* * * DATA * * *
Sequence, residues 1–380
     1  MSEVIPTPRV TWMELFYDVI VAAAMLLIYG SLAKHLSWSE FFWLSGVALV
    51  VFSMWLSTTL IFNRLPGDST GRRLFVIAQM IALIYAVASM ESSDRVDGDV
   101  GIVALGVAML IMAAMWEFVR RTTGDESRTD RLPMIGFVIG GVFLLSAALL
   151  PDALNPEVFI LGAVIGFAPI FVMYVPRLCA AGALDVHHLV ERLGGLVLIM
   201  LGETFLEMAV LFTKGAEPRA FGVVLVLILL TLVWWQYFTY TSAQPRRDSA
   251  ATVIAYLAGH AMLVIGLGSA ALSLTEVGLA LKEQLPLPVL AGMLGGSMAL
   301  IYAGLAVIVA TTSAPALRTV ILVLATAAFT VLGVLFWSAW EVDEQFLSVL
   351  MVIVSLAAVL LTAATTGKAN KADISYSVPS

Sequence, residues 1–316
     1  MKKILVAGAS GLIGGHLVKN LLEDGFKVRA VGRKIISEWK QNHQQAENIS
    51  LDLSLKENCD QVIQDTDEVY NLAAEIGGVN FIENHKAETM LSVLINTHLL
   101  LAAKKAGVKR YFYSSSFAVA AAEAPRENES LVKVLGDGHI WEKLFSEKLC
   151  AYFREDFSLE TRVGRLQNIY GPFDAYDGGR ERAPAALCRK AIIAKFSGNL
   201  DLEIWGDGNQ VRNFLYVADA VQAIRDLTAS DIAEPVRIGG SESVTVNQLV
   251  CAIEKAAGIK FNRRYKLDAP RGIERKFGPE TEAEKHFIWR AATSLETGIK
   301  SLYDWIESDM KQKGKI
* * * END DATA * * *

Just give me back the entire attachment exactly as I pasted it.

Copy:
Sequence, residues 1–380
     1  MSEVIPTPRV TWMELFYDVI VAAAMLLIYG SLAKHLSWSE FFWLSGVALV
    51  VFSMWLSTTL IFNRLPGDST GRRLFVIAQM IALIYAVASM ESSDRVDGDV
   101  GIVALGVAML IMAAMWEFVR RTTGDESRTD RLPMIGFVIG GVFLLSAALL
   151  PDALNPEVFI LGAVIGFAPI FVMYVPRLCA AGALDVHHLV ERLGGLVLIM
   201  LGETFLEMAV LFTKGAEPRA FGVVLVLILL TLVWWQYFTY TSAQPRRDSA
   251  ATVIAYLAGH AMLVIGLGSA ALSLTEVGLA LKEQLPLPVL AGMLGGSMAL
   301  IYAGLAVIVA TTSAPALRTV ILVLATAAFT VLGVLFWSAW EVDEQFLSVL
   351  MVIVSLAAVL LTAATTGKAN KADISYSVPS

Sequence, residues 1–316
     1  MKKILVAGAS GLIGGHLVKN LLEDGFKVRA VGRKIISEWK QNHQQAENIS
    51  LDLSLKENCD QVIQDTDEVY NLAAEIGGVN FIENHKAETM LSVLINTHLL
   101  LAAKKAGVKR YFYSSSFAVA AAEAPRENES LVKVLGDGHI WEKLFSEKLC
   151  AYFREDFSLE TRVGRLQNIY GPFDAYDGGR ERAPAALCRK AIIAKFSGNL
   201  DLEIWGDGNQ VRNFLYVADA VQAIRDLTAS DIAEPVRIGG SESVTVNQLV
   251  CAIEKAAGIK FNRRYKLDAP RGIERKFGPE TEAEKHFIWR AATSLETGIK
   301  SLYDWIESDM KQKGKI